Normal not implies characteristic in the collection of all groups satisfying a nontrivial finite direct product-closed group property

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Suppose \mathcal{V} is the subcollection of the collection of all groups that satisfies a finite direct product-closed group property and contains at least one nontrivial group. Then, there exists a group K \in \mathcal{V} and a subgroup G of K, such that G is a Normal subgroup (?) of K but not a Characteristic subgroup (?) of K.

Note that this in particular applies to the situation where \mathcal{V} is a subvariety or a subquasivariety of the variety of groups.

Related facts

Weaker facts

Other related facts

Particular cases

Normal not implies characteristic in:

and all bigger varieties/quasivarieties.


Example of a direct product

Let G be any nontrivial group in \mathcal{V}. Then consider K = G \times G, viz., the external direct product of G with itself. The subgroups G_1 := G \times \{ e \} and G_2 := \{ e \} \times G are direct factors of K, and are hence both normal in K. Note also that they are distinct, since G is nontrivial.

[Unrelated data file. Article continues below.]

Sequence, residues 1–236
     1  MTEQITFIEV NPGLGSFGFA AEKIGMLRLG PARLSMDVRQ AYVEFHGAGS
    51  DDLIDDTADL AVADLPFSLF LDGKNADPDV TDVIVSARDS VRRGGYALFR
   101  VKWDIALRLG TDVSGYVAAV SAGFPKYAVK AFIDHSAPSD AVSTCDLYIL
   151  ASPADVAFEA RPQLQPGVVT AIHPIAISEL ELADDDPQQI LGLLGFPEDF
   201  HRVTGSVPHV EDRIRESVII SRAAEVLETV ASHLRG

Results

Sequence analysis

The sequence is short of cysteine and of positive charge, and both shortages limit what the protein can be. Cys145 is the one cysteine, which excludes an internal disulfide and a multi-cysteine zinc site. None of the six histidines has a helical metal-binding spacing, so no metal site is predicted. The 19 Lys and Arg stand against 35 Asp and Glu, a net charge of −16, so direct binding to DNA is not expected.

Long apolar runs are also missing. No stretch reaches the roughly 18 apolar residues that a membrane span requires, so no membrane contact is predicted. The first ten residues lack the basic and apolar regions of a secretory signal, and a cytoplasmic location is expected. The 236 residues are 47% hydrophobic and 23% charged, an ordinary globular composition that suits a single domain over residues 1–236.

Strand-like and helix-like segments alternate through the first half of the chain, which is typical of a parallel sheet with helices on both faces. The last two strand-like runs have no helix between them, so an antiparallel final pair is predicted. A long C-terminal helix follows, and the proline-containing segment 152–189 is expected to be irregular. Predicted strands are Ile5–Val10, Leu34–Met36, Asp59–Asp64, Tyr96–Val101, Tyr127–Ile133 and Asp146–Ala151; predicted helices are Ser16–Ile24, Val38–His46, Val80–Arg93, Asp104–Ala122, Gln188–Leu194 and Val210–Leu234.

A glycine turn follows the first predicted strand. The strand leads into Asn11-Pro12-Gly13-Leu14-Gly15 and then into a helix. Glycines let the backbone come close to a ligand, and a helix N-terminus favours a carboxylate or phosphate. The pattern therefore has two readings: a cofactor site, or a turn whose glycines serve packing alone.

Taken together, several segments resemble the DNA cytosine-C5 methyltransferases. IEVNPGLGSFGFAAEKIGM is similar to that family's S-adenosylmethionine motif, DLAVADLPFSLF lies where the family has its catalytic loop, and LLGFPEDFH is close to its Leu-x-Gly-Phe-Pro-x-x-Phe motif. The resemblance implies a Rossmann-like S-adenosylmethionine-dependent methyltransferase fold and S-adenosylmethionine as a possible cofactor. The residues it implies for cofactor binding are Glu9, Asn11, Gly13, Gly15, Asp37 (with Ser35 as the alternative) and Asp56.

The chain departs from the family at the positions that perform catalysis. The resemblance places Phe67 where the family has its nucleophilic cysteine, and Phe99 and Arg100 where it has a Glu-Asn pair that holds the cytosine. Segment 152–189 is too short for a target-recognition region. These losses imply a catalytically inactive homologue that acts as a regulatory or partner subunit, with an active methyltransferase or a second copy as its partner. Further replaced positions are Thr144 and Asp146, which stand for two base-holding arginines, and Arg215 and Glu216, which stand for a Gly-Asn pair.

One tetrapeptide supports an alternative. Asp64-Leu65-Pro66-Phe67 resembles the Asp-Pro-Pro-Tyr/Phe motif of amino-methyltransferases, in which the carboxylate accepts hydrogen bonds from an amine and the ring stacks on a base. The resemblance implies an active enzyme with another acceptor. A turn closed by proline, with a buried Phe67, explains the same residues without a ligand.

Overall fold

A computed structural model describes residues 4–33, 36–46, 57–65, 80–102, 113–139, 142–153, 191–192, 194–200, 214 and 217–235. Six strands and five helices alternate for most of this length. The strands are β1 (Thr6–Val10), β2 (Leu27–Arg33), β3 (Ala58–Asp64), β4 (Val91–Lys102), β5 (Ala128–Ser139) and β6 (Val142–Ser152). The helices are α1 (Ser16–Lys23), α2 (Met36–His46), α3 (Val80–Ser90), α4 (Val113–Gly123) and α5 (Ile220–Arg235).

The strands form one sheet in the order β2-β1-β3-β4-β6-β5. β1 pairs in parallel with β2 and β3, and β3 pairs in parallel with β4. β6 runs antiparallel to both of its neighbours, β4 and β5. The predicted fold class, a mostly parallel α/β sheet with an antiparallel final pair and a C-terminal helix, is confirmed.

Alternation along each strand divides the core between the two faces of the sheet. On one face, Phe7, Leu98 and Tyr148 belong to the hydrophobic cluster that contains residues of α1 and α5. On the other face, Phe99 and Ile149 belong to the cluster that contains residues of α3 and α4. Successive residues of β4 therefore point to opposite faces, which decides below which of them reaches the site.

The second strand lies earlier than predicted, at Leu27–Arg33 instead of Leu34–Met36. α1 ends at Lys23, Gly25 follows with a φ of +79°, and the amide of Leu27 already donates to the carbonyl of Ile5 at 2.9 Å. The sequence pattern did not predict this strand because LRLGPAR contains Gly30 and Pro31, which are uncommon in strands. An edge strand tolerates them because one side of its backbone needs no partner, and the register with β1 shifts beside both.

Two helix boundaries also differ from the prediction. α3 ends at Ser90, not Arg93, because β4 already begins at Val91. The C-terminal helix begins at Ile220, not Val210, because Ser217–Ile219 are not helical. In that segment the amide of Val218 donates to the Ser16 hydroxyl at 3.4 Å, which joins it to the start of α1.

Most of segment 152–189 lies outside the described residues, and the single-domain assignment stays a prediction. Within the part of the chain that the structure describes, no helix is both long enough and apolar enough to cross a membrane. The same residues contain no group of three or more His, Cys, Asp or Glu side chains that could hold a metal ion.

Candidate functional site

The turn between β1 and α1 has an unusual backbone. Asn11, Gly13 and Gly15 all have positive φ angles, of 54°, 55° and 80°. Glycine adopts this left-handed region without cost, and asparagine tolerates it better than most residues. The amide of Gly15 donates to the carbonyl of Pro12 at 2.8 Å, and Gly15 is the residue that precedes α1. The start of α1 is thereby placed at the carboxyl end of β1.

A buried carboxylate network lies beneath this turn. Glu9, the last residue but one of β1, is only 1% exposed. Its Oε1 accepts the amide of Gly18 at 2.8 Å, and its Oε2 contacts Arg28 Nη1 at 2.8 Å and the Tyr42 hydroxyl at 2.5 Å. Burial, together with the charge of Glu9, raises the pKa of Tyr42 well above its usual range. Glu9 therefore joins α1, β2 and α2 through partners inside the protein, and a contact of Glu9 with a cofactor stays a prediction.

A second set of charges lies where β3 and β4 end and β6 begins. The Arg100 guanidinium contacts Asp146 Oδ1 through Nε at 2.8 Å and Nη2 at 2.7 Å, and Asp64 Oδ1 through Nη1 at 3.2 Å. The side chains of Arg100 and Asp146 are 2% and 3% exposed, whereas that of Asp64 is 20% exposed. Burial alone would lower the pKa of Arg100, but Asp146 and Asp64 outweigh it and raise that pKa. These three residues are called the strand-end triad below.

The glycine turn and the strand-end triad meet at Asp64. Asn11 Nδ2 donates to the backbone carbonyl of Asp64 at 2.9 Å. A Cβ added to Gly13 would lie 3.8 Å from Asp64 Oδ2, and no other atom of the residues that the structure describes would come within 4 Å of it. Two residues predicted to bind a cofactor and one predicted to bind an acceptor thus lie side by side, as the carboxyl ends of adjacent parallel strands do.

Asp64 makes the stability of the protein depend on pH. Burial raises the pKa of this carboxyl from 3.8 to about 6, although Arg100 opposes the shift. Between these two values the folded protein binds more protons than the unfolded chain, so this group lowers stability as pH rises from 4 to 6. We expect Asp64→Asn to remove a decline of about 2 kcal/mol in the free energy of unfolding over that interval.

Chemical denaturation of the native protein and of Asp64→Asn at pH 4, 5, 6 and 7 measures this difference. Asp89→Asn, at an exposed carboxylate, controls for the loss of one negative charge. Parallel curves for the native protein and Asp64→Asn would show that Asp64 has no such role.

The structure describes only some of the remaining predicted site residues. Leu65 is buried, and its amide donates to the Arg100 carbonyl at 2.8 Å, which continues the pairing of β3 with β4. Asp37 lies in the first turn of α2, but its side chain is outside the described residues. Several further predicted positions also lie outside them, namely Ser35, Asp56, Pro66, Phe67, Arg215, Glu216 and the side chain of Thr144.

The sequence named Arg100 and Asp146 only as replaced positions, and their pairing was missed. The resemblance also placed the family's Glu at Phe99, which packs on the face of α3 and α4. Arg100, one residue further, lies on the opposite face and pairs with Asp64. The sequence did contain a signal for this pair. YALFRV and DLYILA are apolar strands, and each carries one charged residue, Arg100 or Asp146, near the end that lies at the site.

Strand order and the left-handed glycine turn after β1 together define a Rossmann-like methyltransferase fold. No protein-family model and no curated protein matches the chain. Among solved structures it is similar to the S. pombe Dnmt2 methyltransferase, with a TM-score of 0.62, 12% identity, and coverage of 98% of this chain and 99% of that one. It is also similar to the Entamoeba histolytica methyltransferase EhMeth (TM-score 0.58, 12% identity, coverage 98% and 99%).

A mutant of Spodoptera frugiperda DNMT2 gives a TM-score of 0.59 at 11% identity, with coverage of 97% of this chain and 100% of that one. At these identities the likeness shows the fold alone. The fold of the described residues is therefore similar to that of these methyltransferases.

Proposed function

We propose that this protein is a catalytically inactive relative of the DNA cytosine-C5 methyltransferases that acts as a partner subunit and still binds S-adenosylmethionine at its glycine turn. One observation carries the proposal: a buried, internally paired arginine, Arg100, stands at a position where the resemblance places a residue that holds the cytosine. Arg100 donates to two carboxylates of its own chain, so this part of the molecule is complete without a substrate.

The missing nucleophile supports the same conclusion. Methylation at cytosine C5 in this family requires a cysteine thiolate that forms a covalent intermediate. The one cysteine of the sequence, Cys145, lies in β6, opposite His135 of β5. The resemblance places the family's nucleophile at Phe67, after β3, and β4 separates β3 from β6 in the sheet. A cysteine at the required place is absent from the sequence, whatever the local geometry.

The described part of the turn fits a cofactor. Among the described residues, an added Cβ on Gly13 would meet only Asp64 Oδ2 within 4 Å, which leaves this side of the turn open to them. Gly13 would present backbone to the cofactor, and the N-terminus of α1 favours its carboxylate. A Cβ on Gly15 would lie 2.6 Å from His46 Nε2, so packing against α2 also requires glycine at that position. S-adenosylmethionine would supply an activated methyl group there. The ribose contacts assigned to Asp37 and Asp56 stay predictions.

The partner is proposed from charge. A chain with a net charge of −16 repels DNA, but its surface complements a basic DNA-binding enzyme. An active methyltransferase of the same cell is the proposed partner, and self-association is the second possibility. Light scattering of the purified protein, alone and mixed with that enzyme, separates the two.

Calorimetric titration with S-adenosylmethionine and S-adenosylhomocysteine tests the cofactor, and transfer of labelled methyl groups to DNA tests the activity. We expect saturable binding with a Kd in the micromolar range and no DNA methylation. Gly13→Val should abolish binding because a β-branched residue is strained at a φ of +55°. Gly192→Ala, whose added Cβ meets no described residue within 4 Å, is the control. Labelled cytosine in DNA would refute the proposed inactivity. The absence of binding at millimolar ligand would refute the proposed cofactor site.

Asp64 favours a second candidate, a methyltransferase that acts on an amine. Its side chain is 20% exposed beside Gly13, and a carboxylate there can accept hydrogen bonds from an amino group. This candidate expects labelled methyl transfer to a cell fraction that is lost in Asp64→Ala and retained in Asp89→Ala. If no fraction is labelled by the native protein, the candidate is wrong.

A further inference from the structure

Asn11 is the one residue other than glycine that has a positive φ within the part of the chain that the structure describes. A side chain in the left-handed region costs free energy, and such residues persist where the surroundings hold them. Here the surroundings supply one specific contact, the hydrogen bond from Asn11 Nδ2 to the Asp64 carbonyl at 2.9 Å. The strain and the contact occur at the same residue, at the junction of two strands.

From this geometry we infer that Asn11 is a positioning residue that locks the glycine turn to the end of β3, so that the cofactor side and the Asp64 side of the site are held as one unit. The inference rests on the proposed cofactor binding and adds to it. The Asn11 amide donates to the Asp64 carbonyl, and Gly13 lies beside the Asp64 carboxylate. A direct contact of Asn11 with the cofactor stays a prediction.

However, the exchange automorphism:

(x,y) \mapsto (y,x)

exchanges the subgroups G_1 and G_2. Thus, neither G_1 nor G_2 is invariant under all the automorphisms, so neither is characteristic. Thus, G_1 and G_2 are both normal subgroups of K that are not characteristic.

Note that this example also shows that direct factor does not imply characteristic subgroup.

GAP implementation

Implementation of the generic example

Before using this generic example, you need to define G for GAP, choosing any nontrivial group (double semicolons have been used here to suppress GAP's output for the first three commands, which depends on the specific choice of G -- you can use single semicolons instead).

gap> K := DirectProduct(G,G);;
gap> G1 := Image(Embedding(K,1));;
gap> G2 := Image(Embedding(K,2));;
gap> IsSubgroup(K,G1);
gap> IsSubgroup(K,G2);
gap> IsNormal(K,G1);
gap> IsNormal(K,G2);
gap> IsCharacteristicSubgroup(K,G1);
gap> IsCharacteristicSubgroup(K,G2);